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Genkyō (元亨), also Genkō, was a Japanese era name (年号,, nengō,, lit. "year name") after Gen'ō and before Shōchū. This period started in February 1321 and ended in December 1324. The reigning Emperor was Go-Daigo-tennō (後醍醐天皇).
Events of the Genkyō era[change | change source]
- 1321 (Genkyō 1, 2nd month): Saionji Kinakira died. He was Minister of the Right (udaijin).
- 1321 (Genkyō 1, 4th month): The former-Emperor Go-Uda ordered the construction of a small chapel at Daikaku-ji where he lived in retirement.
- 1321 (Genkyō 1, 5th month): The emperor visited Dikaku-ji to see this new chapel for himself.
- 1321 (Genkyō 1, 6th month): Hōjō Kanetoki (北条兼時) died. He was the military governor (鎮西探題, Chinzei-tandai) in Kyushu.
- 1321 (Genkyō 1, 12th month): Hōjō Norisada was named governor of Kyoto; and Hōjō Hidetoki was named military governor of Kyūshū.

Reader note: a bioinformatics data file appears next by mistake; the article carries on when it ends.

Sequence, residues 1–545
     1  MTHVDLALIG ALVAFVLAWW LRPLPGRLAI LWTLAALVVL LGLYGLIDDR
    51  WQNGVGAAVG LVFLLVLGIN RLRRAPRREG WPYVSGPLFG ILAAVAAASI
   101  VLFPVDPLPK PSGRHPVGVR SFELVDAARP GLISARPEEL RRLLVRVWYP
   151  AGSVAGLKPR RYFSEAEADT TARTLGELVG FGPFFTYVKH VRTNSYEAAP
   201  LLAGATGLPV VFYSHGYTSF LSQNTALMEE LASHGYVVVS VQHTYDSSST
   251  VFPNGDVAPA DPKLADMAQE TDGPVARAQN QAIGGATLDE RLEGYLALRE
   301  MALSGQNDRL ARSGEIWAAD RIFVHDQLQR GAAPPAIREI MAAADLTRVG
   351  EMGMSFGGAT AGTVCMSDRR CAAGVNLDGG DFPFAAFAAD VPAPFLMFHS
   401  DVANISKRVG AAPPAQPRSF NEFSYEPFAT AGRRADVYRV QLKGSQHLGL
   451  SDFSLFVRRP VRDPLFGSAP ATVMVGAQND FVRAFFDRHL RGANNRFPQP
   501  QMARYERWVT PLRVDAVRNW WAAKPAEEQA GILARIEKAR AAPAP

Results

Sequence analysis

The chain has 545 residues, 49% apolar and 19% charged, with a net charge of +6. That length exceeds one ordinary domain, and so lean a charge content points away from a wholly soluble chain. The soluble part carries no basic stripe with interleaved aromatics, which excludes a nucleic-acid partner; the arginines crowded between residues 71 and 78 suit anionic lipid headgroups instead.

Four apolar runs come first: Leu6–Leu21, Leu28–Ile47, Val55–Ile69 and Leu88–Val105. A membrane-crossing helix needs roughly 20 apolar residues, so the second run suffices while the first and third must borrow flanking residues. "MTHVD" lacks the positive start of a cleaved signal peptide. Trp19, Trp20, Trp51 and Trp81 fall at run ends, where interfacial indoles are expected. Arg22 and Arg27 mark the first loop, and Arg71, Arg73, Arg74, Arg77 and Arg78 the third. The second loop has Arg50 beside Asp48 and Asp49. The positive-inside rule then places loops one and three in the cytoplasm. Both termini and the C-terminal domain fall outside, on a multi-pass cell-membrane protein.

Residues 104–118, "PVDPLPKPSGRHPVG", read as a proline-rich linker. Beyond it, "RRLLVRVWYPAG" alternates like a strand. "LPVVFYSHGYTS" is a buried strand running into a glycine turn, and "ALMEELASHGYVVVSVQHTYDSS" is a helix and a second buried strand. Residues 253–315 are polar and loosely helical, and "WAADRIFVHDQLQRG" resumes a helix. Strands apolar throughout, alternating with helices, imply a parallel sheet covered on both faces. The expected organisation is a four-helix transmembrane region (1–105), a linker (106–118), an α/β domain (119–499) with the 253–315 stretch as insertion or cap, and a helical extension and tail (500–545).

- 1322 (Genkyō 2, 1st month): The emperor visited the former-Emperor Go-Uda at Daikau-ji; and he was entertained by a musical concert.
- 1322 (Genkyō 2, 1st month): Saionji Sanekane died at age 74.
- 1322 (Genkyō 3, 3rd month): Ichijō Uchitsune lost his position as Chancellor (kampaku); and Kujō Fusazane was given this office.
- 16 July 1324 (Genkyō 4, 25th day of the 6th month): Former-Emperor Go-Uda died at age 58.
Related pages[change | change source]
References[change | change source]
- Nussbaum, Louis-Frédéric. (2005). "Nengō" in Japan Encyclopedia, pp. 704-705.
- Nussbaum, "Gen'ō" at p. 238.
- Nussbaum, "Shōchū" at p. 877.
- Titsingh, Isaac. (1834). Annales des empereurs du Japon, pp. 278-281; Varley, H. Paul. (1980). Jinnō Shōtōki. pp. 239-241.
- Titsingh, p. 282.
- Titsingh, p. 283.
- Titsingh, p. 284; Imperial Household Agency (Kunaichō), (後宇多天皇 (91); retrieved 2012-5-22.
Other websites[change | change source]
- National Diet Library, "The Japanese Calendar" -- historical overview plus illustrative images from library's collection
- Kyoto National Museum -- "Treasures of Daikaku-ji", including portrait of Go-Uda and the former-emperor's will Archived 2006-10-13 at the Wayback Machine
|Era or nengō: